“I don’t see activism and entrepreneurship as contrary,” declares Abhay Rangan, founder of one of India’s leading plant-based milk companies. The success of Rangan’s business lends credence to his steadfast belief that “what is good from an ethical standpoint is often what is good for [business] too.”
In 2018, Rangan founded Goodmylk, a company that aims to make vegan milk alternatives—and veganism overall—more readily accessible to people throughout India. Rangan was an animal rights activist before becoming an entrepreneur. He first perceived the need for dairy milk alternatives when, during his activist work, many Indians told him that they would consider veganism if vegan versions of their favorite animal products were easier to find. India has long been a primarily vegetarian nation, but dairy-free diets are relatively uncommon. Hindus, who account for almost 80 percent of India’s total population, widely eschew meat, but the holistic healing system called Ayurveda that many Hindus follow posits that dairy products like ghee and dahi are integral parts of a balanced and healthy diet. In founding and growing Goodmylk, Rangan seeks to displace animal dairy as the country’s most culturally prevalent milk option.
“You need your products to be as ubiquitous as they can be,” says Rangan, adding that “scale and access” are “crucial aspects” of growing vegan culture. Rangan is from the city of Bangalore, a tech hub often called “India’s Silicon Valley.” Compared with the rest of the country, this hip and progressive city has more readily-available vegan options at eateries and corner stores, much like the vegan-friendly cities of London and Berlin. Making vegan choices just as accessible, visible, and convenient throughout India as they are in Bangalore, Rangan believes, would encourage many more people to transition to veganism. One of Goodmylk’s main goals is to support the continued growth of veganism in India while providing products for the tens of thousands of Indians whom Rangan says have already made the switch.
Goodmylk seeks to produce plant-based milks that are as affordable as they are accessible. In India, a vegan diet is currently widely associated with the need to purchase expensive and fancy products. In a nation where the average income is less than $150 per month, cows’ milk is often delivered daily in “milk packets” at the doorsteps of middle-income households; this animal milk costs around 40 rupees (50 cents) per liter. Almond milk can only be purchased in stores, typically for some 300 rupees (almost $4) per liter. Goodmylk’s oat and cashew milks cost just 120 rupees (around $1.60) per liter—a price that Rangan aims to lower even further. “[W]ith affordable vegan alternatives present, it will become a lot easier to help people go vegan,” states Rangan. “I don’t want my vegan alternatives [just] selling in a handful of high-end grocery stores.” Rangan points out that while plant-based diets don’t necessarily require dairy alternatives, increasing their affordability helps make the transition to veganism easier and more likely for many people.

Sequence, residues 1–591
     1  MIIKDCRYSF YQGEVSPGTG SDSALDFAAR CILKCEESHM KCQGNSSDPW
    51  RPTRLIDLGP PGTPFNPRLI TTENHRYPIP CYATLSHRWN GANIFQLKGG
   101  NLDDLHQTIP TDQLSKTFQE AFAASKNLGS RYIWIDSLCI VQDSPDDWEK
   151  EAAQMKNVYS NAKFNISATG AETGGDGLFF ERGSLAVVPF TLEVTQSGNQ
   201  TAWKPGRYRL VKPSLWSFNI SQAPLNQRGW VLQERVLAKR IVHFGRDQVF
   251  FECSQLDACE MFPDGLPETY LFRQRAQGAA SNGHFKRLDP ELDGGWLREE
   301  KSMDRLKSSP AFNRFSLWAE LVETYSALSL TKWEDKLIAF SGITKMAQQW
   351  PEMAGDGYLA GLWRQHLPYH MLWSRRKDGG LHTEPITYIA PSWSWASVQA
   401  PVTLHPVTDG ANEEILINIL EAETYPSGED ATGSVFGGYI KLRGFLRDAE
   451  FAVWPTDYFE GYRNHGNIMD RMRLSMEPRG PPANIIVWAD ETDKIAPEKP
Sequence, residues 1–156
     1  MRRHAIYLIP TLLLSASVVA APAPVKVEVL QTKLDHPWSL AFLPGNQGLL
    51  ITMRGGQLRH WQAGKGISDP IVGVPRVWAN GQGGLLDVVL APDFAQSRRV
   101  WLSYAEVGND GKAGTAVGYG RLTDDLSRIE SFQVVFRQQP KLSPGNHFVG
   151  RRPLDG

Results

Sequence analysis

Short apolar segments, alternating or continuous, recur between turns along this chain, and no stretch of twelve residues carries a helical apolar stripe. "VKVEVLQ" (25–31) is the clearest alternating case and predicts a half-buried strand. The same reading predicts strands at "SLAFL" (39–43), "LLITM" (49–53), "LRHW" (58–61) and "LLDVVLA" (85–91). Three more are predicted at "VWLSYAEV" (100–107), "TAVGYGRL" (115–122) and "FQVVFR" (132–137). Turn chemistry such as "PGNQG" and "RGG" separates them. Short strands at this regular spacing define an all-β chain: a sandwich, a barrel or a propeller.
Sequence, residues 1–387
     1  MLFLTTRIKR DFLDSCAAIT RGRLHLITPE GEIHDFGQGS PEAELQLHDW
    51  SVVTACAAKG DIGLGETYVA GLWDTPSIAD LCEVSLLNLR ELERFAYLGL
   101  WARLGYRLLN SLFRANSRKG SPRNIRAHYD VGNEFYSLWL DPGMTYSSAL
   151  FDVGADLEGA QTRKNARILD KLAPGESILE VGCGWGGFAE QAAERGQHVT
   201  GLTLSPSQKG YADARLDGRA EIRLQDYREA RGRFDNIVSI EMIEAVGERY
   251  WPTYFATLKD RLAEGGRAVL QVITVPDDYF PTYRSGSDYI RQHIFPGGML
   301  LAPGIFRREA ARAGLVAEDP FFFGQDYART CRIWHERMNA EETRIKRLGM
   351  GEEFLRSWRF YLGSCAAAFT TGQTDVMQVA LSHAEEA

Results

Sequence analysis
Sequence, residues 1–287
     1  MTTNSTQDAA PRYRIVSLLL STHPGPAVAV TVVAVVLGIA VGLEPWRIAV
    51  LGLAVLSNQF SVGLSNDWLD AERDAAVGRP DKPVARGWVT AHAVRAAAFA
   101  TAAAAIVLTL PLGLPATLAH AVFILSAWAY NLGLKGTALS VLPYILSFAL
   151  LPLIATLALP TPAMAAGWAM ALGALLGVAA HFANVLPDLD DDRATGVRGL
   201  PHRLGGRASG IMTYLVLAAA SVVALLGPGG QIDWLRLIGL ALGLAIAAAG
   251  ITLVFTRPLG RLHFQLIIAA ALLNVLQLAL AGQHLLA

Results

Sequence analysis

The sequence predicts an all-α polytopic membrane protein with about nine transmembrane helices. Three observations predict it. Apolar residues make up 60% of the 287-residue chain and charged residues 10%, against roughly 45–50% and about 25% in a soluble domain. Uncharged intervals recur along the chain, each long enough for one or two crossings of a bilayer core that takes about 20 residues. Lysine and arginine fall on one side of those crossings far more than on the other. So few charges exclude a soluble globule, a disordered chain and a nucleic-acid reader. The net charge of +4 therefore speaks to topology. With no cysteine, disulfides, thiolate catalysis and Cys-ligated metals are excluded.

According to Rangan, Indian consumers perceive that plant-based dairy alternatives, in addition to being more costly and less available than animal dairy, are also functionally more limited. “Adults [in India] don’t want to simply drink a glass of milk. They use it in their teas and coffees and cakes; here is where vegan products in India need to improve,” says Rangan, referring to the common belief that such uses of vegan milk fail to achieve the desired creaminess or texture. Goodmylk heavily spends on in-house research and development for the purpose of maximizing product performance and versatility. As Rangan understands, increasing vegan products’ popularity in India requires improving and effectively marketing their functionality—both perceived and actual.
The COVID-19 pandemic creates both an opportunity and a challenge for Rangan regarding his goal to facilitate India’s broad cultural acceptance of plant-based diets. While veganism’s popularity was already increasing in India prior to the pandemic’s onset, COVID-19 is further ramping up interest in plant-based diets and driving dramatic recent growth in Goodmylk’s sales. The pandemic’s impact on global markets has also made it difficult for the company to access the few raw materials that it sources from abroad. But Rangan is optimistic, describing the supply chain disruption as “a good thing since now we can move completely toward sourcing from local supply chains”—a shift that aligns with his goal “to build a local reliance here.” By sourcing all ingredients domestically, in addition to producing more product in bulk, Goodmylk has even managed to recently reduce its carbon footprint.